The Architect Whisperer June 13, 2010Posted by randydeutsch in architecture industry, management, marginalization, problem solving.
Tags: Architect's Guide to Small Firm Management, mentoring, Michael S Bernard, Michael Strogoff, practice management, Rena M. Klein FAIA, RM Klein Consulting, small design firms, small firms, staff development, Strogoff Consulting, Virtual Practice
I need to let you know
You don’t have to go it alone
U2, Sometimes You Can’t Make it On Your Own
The other week I was in Hollywood pitching a reality show treatment to a network development executive and a producer friend at a TV studio scouting projects for next season.
After an hour wait, I pitched the concept of the TV program, sat back and awaited their response.
It turns out that the pitch was a lot like presenting a building design to a client. You need to go in with a couple fall-back ideas in case the first one bombs or they already have a similar idea in development.
Just like design alternatives that you keep in your back pocket just-in-case.
And just like design, the trick is to make it seem like it is their idea without actually letting it become their idea – unless, of course, their idea is a better one. It’s admittedly a delicate balance…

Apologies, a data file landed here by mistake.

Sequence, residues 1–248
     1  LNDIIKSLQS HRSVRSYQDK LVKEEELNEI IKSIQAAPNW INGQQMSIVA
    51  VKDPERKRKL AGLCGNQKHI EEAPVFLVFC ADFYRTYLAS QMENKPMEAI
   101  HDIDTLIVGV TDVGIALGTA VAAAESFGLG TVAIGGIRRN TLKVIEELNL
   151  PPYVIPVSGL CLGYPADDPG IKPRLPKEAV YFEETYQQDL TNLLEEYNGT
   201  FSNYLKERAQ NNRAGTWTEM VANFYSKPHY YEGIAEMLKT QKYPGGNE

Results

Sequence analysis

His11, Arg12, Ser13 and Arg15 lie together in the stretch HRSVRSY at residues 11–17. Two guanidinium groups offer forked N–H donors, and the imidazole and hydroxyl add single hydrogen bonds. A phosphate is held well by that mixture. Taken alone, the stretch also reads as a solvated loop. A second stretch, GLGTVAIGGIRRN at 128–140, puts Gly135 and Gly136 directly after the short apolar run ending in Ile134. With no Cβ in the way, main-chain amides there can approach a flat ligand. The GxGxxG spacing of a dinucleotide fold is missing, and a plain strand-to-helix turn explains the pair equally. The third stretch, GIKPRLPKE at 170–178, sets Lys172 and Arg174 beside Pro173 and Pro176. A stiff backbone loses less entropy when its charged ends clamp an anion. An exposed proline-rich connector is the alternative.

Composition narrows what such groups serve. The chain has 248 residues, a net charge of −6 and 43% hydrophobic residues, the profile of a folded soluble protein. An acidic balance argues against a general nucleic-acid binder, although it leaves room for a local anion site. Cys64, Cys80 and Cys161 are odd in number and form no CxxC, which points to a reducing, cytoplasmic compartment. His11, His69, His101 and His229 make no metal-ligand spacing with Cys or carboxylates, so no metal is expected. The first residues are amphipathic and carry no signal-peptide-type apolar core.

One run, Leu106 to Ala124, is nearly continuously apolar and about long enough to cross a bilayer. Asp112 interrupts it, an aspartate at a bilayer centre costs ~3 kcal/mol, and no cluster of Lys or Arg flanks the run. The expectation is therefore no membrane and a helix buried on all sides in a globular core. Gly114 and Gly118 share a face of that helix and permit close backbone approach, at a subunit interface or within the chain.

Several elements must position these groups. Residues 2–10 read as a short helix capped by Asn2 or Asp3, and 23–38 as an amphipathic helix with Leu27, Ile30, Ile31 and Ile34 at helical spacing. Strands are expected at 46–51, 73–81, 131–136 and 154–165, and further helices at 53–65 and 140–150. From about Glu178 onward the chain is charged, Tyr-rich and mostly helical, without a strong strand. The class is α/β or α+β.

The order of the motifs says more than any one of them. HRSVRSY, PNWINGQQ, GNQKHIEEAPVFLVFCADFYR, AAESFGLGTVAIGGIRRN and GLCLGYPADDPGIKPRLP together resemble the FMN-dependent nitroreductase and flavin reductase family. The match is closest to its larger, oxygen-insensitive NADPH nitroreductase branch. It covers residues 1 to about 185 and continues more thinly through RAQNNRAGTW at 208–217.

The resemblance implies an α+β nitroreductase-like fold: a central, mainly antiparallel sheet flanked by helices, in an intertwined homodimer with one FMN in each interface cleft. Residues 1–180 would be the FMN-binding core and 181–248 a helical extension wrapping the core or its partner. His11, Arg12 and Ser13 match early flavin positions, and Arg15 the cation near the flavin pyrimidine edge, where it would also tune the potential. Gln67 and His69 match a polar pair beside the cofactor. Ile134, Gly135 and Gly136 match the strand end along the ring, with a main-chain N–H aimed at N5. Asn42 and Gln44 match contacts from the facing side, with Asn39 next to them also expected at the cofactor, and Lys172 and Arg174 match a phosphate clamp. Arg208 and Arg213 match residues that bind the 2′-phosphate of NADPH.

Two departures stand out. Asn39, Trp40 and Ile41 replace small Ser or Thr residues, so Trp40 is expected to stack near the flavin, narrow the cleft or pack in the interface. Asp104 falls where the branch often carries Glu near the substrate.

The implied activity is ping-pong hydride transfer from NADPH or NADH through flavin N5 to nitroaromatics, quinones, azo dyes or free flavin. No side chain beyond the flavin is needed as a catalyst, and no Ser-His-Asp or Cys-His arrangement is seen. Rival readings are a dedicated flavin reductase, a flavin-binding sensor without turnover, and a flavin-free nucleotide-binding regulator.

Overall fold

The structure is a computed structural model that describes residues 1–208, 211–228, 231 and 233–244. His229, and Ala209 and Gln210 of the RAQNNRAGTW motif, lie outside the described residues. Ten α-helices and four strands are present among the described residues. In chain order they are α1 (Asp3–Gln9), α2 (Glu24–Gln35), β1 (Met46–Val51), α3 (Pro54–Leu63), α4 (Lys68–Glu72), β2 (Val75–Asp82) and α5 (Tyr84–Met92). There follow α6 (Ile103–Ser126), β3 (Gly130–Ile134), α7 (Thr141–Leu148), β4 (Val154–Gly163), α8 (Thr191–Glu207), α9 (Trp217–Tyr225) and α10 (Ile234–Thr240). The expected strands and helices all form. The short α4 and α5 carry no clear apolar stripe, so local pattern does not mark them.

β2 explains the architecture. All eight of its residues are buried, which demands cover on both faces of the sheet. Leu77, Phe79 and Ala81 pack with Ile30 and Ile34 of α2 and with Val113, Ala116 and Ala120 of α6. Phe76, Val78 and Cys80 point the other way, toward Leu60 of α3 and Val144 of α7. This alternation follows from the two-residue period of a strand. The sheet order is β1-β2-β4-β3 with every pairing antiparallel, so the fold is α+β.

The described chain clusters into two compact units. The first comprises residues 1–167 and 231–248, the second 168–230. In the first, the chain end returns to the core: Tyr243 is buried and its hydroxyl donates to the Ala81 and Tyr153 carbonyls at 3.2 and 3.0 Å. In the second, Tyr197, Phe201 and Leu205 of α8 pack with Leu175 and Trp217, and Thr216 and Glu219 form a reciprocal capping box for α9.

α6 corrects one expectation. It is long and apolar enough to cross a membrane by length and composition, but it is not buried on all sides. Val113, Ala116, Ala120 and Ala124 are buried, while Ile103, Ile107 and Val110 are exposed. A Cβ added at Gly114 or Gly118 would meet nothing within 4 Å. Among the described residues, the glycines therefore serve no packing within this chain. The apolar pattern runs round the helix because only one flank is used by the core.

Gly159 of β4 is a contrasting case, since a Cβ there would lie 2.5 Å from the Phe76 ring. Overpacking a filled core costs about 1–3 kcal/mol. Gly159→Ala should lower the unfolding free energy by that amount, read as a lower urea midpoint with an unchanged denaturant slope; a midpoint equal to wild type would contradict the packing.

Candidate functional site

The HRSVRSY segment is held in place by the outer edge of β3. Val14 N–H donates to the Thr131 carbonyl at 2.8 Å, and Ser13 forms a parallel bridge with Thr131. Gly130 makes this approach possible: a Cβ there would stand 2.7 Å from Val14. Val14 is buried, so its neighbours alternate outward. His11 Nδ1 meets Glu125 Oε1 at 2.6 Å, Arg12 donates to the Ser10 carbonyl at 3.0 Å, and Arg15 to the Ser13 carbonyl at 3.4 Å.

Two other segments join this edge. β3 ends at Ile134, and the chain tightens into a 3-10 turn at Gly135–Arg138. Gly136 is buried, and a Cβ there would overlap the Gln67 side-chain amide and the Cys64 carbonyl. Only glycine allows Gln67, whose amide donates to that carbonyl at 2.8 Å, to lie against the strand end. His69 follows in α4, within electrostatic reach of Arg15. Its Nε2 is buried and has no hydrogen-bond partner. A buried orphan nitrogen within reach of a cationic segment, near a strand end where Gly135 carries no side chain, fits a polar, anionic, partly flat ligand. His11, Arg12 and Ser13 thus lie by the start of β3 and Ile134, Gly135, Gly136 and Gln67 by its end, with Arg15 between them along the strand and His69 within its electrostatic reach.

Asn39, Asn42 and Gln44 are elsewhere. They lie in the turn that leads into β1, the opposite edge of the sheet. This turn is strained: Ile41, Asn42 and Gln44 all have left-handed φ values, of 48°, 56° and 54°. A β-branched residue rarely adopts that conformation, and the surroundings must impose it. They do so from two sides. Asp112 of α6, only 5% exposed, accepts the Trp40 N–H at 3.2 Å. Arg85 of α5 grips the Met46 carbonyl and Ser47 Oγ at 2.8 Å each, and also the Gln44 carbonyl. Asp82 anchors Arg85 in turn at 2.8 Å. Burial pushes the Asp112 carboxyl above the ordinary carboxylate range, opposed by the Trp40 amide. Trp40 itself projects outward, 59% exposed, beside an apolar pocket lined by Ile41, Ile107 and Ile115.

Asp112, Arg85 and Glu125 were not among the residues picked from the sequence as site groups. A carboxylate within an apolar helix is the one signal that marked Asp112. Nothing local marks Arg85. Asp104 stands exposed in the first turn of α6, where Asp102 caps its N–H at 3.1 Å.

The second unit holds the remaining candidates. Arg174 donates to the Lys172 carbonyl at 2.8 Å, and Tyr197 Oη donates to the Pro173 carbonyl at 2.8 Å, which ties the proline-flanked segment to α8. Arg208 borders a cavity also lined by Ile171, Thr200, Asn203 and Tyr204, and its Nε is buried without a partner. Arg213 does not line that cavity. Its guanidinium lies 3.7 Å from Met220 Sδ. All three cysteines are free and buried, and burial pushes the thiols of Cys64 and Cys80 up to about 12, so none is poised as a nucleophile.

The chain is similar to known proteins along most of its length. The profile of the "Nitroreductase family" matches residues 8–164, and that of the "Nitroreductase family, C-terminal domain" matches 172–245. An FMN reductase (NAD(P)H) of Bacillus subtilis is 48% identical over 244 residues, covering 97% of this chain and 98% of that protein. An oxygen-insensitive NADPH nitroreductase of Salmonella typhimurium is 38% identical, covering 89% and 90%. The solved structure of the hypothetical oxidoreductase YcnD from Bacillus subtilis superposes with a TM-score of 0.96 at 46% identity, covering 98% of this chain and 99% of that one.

So, I started my pitch.
“It’s called The Architect Whisperer. And…”
I was immediately interrupted.
Wait. Wait. What’s an architect whisperer?
I tell them it’s a person with the capacity to understand and interpret architect communication.
So it has to be another architect –
Because no one else understands what they’re saying!
Go on. Don’t mind us. Continue.
“Similar to a dog or horse whisperer, an Architect Whisperer is a person who understands and relates extremely well with architects. An Architect Whisperer has an unusual amount of success with architects.”